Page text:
Background and aims: The aim of this work was to study feelings of loneliness and fear among elderly people (75+) in a gender perspective, and to explore their causes.
Methods: A cross-sectional study (postal questionnaire) with a randomised and age-stratified sample (n = 4277) was used to study the variables of interest. Because the variables were compared between men and women, weighted values for means, standard deviations, and ratios were used. Multiple logistic regression analysis was used to identify the causes of loneliness and fear.
Results: Findings showed that loneliness and fear were both more frequently reported by women than men. Loneliness was significantly associated with gender, marital status, living in special accommodation, fear, and need of help with activities of daily living (IADL). Fear was significantly associated with gender, number of children, having someone to trust, loneliness, and being in need of help with IADL. Those who reported loneliness and/or fear had significantly lower health-related quality of life than those who did not. Many of the elderly feared violence/crime, but only a few had been exposed to violence/crime.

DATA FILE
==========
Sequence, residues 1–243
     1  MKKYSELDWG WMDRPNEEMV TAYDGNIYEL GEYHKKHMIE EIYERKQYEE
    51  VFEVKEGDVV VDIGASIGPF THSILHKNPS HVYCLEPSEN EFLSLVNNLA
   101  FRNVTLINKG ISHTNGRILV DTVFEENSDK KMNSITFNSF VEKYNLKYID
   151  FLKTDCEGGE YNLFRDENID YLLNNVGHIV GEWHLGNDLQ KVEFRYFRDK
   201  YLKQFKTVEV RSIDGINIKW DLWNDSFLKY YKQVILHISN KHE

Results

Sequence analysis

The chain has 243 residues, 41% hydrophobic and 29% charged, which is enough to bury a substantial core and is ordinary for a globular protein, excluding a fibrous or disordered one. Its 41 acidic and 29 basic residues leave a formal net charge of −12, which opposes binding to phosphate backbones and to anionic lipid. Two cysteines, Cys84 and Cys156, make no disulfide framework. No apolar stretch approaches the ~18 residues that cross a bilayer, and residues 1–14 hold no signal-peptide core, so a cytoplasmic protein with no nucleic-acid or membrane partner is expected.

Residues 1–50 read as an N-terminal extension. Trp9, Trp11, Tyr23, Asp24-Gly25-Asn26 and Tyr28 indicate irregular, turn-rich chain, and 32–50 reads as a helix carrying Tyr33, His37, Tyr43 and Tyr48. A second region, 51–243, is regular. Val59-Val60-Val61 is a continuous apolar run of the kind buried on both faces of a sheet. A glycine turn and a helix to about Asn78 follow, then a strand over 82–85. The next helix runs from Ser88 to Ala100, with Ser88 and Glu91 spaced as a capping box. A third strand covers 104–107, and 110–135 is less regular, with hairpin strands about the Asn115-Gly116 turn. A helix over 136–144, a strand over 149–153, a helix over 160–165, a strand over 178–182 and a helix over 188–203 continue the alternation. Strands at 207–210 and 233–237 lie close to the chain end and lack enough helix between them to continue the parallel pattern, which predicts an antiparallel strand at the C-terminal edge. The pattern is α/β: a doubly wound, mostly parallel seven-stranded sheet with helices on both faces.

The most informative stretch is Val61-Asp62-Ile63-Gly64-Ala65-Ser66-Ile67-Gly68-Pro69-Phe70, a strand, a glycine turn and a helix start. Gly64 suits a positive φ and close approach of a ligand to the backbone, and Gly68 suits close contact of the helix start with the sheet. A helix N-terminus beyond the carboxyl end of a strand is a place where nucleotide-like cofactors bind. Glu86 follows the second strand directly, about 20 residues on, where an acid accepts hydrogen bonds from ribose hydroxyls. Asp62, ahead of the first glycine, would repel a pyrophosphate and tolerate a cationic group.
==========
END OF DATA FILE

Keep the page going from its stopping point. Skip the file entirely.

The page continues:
Conclusions: Loneliness and fear are common among elderly people. Both variables seem to be related to each other and were both found to be "threats" to a good life in old age. However, to minimize these "threats" and perhaps improve these people's quality of life, action can be taken in the care for elderly people such as involving the social network and reducing the need of help with IADL.